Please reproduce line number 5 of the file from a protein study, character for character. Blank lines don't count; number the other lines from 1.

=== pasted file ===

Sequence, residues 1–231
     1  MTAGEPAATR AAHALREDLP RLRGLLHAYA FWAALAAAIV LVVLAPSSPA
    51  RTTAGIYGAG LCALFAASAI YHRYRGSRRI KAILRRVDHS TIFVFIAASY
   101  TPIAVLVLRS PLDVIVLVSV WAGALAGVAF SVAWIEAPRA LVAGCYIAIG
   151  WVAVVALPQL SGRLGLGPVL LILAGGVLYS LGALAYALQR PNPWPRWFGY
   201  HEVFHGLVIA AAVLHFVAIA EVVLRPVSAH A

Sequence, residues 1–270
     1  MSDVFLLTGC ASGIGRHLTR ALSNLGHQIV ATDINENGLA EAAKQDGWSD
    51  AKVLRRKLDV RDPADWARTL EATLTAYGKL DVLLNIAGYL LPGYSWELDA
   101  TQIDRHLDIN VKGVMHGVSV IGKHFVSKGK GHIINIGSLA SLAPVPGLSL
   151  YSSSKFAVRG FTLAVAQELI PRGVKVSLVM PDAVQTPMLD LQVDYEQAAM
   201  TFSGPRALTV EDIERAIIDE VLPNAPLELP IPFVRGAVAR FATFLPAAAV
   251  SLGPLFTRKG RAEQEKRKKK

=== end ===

   151  WVAVVALPQL SGRLGLGPVL LILAGGVLYS LGALAYALQR PNPWPRWFGY